More boats have been towed out of the marina these past weeks. My heart aches for good neighbors like Sean who has lived in Oyster Cove longer than we have and who now must vacate because the engine on his houseboat is non-existent. Many people have come to realize that dropping a new, $20,000 engine in a boat that is only worth $7,000 just isn′t a viable option.

Although things are up in the air here in our little marina, and over at Oyster Point, I figure we are much better off than so many boaters who watched as their marinas closed down entirely. Pete′s Harbor, Peninsula Marina and the municipal marina in Alviso are a few here in the South Bay that have been shut down or allowed to silt in. The last dredge in San Leandro Marina was back in 2009. Since that time the City of San Leandro has been unable to secure funds to dredge. Boaters there are advised to enter the channel and marina at their own risk. The closing and silting in of these marinas represent collectively at least 1000 boats that are now homeless. As the cost of dredging and marina maintenance becomes more expensive, the remaining available berths will come at a premium price. I am very grateful that the property developers believe our marinas are worth saving.

With the upcoming Westpoint Regatta slated for the 22nd of June I thought a little revisit to our newest marina in the South Bay might be interesting as well as an update on their latest projects.

Fifty acres of undeveloped shoreline in the Bay Area is very hard to find. In 1998, Mark Sanders bought a former salt pond from Leslie Salt (now Cargill) with a plan to turn it into the most advanced marina in the Bay Area. Little did he know that it would take 10 years before his vision would see boats in the harbor.

On August 8th, 2008 Westpoint Harbor opened for business with just one dock and a handful of boats. Today it is a thriving place with over 400 slips accommodating boats from 30- to 120-feet. What makes Westpoint so special is the care and attention to detail in everything that goes on there; from the pristine Bay Trail that surrounds the harbor, to the highest quality concrete docks. This was an important factor in the marina being awarded the 2018 North America Marina of the Year.

Westpoint is a boater′s delight. Extra wide fairways and the rounded-end fingers (a Westpoint innovation) make returning to your slip uncomplicated, safe, and worry-free. On the docks there are wide pathways, concrete pilings, and fingers on each side of your slip ensuring you have plenty of safe space as you walk around. The marina offers numerous free facilities such as your own dock-box, fresh water, ice, WiFi and ample parking. There are modern showers that are maintained by the staff every day and you will find the Harbormasters friendly, knowledgeable and eager to help.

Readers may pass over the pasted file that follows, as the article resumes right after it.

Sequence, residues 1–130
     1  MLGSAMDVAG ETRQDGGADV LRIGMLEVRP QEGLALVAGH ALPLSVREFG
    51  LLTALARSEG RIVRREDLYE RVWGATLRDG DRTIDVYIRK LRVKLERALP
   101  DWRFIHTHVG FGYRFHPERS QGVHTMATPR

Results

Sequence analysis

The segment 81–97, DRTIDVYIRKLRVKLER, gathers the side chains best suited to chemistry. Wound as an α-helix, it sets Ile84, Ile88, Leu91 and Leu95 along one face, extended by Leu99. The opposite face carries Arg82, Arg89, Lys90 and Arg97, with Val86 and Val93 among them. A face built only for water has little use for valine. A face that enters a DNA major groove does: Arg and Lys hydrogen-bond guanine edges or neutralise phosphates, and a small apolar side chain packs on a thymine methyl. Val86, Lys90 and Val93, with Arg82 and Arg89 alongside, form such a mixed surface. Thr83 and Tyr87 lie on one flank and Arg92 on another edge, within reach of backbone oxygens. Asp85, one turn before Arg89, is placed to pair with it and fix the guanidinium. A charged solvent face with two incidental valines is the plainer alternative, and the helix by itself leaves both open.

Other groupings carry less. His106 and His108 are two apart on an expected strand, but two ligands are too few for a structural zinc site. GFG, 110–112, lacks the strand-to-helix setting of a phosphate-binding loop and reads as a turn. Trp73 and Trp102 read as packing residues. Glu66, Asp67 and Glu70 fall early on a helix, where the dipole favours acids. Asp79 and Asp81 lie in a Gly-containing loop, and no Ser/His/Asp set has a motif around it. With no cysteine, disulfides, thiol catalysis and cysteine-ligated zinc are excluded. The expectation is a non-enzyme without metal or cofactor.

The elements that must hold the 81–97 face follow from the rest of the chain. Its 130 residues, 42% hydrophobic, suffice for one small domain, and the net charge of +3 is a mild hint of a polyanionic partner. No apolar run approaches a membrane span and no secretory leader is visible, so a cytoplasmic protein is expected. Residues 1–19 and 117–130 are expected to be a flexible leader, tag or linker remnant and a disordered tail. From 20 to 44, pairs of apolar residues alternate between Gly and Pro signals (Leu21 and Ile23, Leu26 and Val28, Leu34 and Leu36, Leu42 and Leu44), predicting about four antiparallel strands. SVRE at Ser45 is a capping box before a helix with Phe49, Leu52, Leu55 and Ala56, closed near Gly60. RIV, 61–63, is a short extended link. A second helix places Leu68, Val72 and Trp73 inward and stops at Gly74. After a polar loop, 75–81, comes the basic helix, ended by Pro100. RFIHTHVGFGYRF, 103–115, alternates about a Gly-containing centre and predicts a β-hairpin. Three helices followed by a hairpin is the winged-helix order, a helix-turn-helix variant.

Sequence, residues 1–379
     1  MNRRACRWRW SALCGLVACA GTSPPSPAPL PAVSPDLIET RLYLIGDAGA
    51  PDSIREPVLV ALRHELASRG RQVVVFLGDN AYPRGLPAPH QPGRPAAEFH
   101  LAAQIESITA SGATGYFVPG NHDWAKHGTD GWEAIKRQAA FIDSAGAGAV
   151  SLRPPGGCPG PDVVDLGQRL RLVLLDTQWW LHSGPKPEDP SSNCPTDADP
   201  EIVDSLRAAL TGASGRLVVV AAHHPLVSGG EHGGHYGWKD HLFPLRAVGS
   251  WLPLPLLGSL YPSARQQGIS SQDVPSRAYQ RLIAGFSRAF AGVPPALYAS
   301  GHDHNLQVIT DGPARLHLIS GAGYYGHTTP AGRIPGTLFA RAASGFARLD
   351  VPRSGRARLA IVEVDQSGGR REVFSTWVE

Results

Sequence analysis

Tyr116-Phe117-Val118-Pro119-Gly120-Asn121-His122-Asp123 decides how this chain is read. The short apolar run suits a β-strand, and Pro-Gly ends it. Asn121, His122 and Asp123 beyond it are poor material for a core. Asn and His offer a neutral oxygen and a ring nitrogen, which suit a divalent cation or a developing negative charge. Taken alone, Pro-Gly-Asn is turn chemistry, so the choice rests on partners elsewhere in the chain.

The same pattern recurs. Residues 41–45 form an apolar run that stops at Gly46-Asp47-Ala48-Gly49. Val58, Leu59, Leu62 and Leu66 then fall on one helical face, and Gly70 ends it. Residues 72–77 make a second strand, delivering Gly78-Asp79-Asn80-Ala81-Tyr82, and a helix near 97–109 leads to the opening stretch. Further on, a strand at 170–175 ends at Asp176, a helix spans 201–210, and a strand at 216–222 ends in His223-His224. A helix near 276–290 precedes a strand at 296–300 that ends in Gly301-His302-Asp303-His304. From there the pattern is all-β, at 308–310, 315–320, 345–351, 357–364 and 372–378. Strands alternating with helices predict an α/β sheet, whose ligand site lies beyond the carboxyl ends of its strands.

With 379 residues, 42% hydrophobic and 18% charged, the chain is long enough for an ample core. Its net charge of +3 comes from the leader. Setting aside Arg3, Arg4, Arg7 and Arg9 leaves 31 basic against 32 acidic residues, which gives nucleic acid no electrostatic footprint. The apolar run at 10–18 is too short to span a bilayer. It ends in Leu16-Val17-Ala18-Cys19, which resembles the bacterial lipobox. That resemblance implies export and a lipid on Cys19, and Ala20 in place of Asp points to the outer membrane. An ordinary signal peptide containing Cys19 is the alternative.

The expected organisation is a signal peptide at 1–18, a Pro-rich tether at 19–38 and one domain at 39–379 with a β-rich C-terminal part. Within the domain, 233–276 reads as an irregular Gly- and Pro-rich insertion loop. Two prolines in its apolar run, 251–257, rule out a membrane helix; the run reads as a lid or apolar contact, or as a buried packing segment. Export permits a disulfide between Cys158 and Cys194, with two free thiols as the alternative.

Located in Redwood City, the marina boasts 300 days of sunshine a year and is one of the most protected and sheltered harbors in the Bay. The Club at Westpoint opened last year offering sporting and social events along with a very popular cruise-out program and the new Friday Night Fun Series sailboat races. Later this year a new restaurant and clubhouse will be constructed affording the most amazing views of the San Francisco Bay. Westpoint is also home to 101 Surf Sports (101SurfSports.com) and the Airbnb on a Luxury Boat program called Yacht Suites (YachtSuites.net). You can learn more at WestpointHarbor.com or by calling 650/701.0545.

The great cleaning project of 2019 is well under way. My fabulous new deck brush made short work of the collected grime on the flying bridge, but I was shocked and dismayed to find that the deck needed more than just a good scrub. Large patches of paint came up with the dirt. I guess I will need to put sanding and painting on my list now. Job security, right? Today however, I will move down to the main deck where the real dirt lives and continue with the scrub-a-dub-dub. First things first, after all.

Congratulations go to HydroHoist Boat Lifts for their new contract with the United States Navy to provide HarborHoist boat lifts to protect Navy security and patrol boats from the elements. The installations will include ports in Virginia, New Jersey, Connecticut and New Hampshire. JB Robison Jr., HydroHoist Inside Sales Manager says “Ultimately, the affordability of the HarborHoist, ease of operation and low maintenance requirements confirmed the U.S. Navy′s decision to choose HydroHoist.” For more information visit www.boatlift.com

The noise and dirt from the surrounding construction finally got down to my one, last nerve. “Sweetie let′s get out of Dodge for a few days, please. The sound of the pile drivers is making me want to murder and pillage.” What an agreeable, jolly good fellow my husband is! A short trip to the store to top off the pantry, a splash from the hose to fill the water tanks and we were under way to spend a few days at Clipper Cove.